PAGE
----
Kyu Seok Oh
TJ Volonis

Eric Lindveit

Eric lindveit Eric lindveit"Like odd dream-like artifacts, his pieces create a highly accurate reproduction
that remains entirely implausible." -Robert Egert

The art of Eric Lindveit draws us to the expected - a side of wood, a tree trunk, an organic form - that soons becomes unexpected because it is not what it first appears. As he describes, "These works, built of paint, paper, burlap, pencil, and sawdust, explore the epidermal personification of surface via the petri dish of sylva and evidence my curiosity about the conception of what is real. They are not, however, intended as science. I am informed by observation of New York City street trees, often damaged and diseased, and pre 20th century hand colored medical and natural history books but I have no interest in making simulacrum of a subject one would be better served to see in the round outdoors. Rather, via scale change and invention, I am making greatly exaggerated composite portraits that combine my interests in surface, identity, entropy, and the skin of paint. They belong to the built environment."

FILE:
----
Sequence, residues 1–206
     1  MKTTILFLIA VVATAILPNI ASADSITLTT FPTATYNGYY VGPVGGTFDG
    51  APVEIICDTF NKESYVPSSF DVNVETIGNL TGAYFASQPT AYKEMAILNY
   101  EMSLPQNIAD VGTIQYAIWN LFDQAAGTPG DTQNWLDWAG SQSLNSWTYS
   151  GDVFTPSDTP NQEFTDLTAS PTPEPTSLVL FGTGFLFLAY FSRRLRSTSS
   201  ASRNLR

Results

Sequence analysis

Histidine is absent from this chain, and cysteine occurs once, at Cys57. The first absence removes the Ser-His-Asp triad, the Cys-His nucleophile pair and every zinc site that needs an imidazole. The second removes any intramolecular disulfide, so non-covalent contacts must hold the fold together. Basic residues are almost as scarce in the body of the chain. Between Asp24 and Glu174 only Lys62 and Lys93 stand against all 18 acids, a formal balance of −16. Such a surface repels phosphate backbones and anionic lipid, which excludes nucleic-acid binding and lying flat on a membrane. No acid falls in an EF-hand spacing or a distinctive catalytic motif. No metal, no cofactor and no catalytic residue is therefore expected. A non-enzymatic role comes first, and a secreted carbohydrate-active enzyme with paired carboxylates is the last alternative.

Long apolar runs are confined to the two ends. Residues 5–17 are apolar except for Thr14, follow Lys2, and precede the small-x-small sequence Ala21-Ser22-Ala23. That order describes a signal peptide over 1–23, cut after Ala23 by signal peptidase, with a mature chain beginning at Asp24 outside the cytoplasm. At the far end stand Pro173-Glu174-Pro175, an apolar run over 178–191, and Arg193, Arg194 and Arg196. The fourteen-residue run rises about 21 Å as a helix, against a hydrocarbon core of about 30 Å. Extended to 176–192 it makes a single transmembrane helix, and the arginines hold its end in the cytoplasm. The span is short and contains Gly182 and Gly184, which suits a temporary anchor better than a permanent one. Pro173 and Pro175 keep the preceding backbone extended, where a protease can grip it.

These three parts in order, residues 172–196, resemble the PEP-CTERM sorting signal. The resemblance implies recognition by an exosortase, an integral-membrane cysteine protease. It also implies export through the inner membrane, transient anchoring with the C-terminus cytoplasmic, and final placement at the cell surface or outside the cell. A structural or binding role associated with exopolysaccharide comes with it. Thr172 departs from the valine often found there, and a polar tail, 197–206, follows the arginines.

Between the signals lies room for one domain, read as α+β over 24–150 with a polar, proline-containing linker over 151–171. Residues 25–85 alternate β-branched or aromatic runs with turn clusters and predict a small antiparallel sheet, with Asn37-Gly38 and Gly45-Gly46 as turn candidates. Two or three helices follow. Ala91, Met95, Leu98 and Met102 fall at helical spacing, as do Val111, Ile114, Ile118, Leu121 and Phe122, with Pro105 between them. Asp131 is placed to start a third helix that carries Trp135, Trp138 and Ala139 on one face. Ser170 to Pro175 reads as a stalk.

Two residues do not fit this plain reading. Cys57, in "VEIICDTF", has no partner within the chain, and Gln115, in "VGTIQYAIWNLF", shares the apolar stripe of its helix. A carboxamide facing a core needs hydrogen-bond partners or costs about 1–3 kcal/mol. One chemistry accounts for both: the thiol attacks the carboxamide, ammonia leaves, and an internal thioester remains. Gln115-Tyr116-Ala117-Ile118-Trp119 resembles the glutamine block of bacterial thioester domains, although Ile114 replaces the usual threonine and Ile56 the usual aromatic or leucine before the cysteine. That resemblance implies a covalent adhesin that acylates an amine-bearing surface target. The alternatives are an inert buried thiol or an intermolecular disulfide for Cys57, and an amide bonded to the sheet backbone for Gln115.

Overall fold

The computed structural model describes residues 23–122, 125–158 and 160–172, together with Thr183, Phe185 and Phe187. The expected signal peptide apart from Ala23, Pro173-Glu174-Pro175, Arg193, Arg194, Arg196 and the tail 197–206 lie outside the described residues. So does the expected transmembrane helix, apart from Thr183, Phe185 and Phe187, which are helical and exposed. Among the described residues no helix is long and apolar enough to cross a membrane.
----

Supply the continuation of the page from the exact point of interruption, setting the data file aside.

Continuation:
The series "Skin Conditions" and "Sylvan Natural History of New York" are part of a growing vocabulary of smaller works that evoke displays of early anatomical wax models. As much dimensional drawing as painting or sculpture, they're inspired by an exhaustive series of hand colored books started in 1842 titled the "Natural History of New York", a thirty volume, fifty two year attempt to depict all things flora and fauna in the state of New York.

The human scaled "Parade Shields" are built on articulated box springs, singles and doubles, and sit on steel mounts 6 to 18 inches from the wall like blown up sylvan potato chips. The title refers to ceremonial objects from the 15th and 16th centuries, like Andrea del Castagno's shield "David with the Head of Goliath", that were carried in pageants, civic processions, and spectacles. Usually made of wood, painted, and even carved in relief, some Parade Shields may have been used as symbolic protection from enemies, while others celebrated noblemen's enthusiasm for classical antiquity and mimicked Ancient Roman triumphae. Art is a parade of ideas, perceptions, and symbols.


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